Black currant extract supports eye health in subjects susceptible to digital eye fatigue, says recent study

In the study, which was conducted by the contract research organization Franklin Health Research, 61 adult female participants between the ages of 30 and 50 working or studying full time in an online environment were randomized to receive either 455 mg of the black currant extract daily for ten weeks or placebo.

Artemis recently announced the results of a study demonstrating the eye health benefits of its black currant extract, CurrantCraft. In the study, which was conducted by the contract research organization Franklin Health Research, 61 adult female participants between the ages of 30 and 50 working or studying full time in an online environment were randomized to receive either 455 mg of the black currant extract daily for ten weeks or placebo. The black currant extract was administered in two capsules daily, containing 227.5mg of CurrantCraft 11% black currant extract, providing 50 mg of standardized anthocyanins.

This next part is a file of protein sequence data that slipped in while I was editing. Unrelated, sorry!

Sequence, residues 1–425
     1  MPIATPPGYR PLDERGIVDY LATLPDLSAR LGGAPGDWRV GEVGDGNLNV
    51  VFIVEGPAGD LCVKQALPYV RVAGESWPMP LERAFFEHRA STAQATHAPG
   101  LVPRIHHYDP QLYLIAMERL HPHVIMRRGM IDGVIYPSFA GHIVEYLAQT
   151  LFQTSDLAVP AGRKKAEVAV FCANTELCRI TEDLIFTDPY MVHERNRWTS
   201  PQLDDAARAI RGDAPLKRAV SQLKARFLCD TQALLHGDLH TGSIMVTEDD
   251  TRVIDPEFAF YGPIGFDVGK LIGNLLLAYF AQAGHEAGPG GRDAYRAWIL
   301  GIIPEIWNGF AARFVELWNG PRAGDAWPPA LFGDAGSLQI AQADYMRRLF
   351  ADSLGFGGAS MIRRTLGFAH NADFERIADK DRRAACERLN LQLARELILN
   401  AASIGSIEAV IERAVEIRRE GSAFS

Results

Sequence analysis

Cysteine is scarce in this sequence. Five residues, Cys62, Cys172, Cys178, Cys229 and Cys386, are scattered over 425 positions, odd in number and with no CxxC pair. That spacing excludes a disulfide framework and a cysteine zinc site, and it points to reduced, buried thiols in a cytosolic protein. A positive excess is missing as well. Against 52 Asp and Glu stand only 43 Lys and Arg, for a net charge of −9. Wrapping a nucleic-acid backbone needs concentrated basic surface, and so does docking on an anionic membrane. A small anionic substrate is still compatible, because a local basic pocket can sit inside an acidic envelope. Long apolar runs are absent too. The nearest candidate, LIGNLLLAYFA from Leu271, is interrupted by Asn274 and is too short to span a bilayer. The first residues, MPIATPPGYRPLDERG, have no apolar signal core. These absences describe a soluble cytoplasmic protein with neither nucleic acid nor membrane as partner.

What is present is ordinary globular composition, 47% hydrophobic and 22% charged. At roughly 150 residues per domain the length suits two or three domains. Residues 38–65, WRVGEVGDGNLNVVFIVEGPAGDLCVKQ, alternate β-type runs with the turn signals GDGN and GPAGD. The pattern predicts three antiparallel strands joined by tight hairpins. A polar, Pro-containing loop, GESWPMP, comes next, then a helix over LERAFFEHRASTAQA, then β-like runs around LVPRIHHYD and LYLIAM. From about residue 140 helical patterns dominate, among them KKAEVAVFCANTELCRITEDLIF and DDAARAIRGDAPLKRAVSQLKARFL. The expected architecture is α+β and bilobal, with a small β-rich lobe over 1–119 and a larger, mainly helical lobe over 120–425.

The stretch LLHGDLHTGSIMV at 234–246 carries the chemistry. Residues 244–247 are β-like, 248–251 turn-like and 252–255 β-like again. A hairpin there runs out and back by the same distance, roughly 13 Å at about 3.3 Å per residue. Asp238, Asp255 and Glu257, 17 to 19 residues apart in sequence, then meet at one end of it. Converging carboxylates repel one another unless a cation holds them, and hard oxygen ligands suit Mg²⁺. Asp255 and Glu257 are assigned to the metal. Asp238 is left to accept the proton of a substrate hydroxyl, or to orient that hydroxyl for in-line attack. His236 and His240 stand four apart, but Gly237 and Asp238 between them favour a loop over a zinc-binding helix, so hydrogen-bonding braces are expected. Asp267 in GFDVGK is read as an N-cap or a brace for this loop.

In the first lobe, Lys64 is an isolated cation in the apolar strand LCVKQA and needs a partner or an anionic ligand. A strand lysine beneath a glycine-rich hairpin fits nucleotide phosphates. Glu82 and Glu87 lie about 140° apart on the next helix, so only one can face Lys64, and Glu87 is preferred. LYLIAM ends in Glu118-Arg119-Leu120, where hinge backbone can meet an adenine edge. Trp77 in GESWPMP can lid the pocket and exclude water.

The primary outcome of eye health was measured on day 70 using a modified version of the Hayes et al. (2007) Ocular Discomfort Questionnaire, which is a survey that measures eye health and symptoms of digital eye fatigue and quality of life. This includes three domains: blurred vision, dry eye, and eye strain.

Results showed that subjects in the black currant group saw a 29.9% reduction in symptoms of blurry vision, and 16.4% reduction in dry eye scores compared to a 13% reduction in the placebo group, however the difference in dry eye scores between the experimental and placebo group was not deemed statistically significant. The black currant group also saw a large drop in eye strain scores (13.77 to 9.63). Compared to reductions in the placebo group (12.87 to 9.97), the differences were not deemed statistically significant.

“The pandemic’s many disruptions have created a need for innovative health solutions that can deliver meaningful results. Our research team was excited to see the impressive effects of CurrantCraft on screen-induced symptoms such as blurred vision and double vision,” said Jessie Hawkins, PhD, executive director, Franklin Health Research Center, in a press release.

“Artemis International is very excited about the potential for CurrantCraft in the ocular health market,” said Melanie Bush, vice president of science and research. “With more people moving to remote learning and work, and many indications showing that this will become more the norm in our post-pandemic lives, this study clearly demonstrates that black currant berries show substantial promise to support overall eye health.”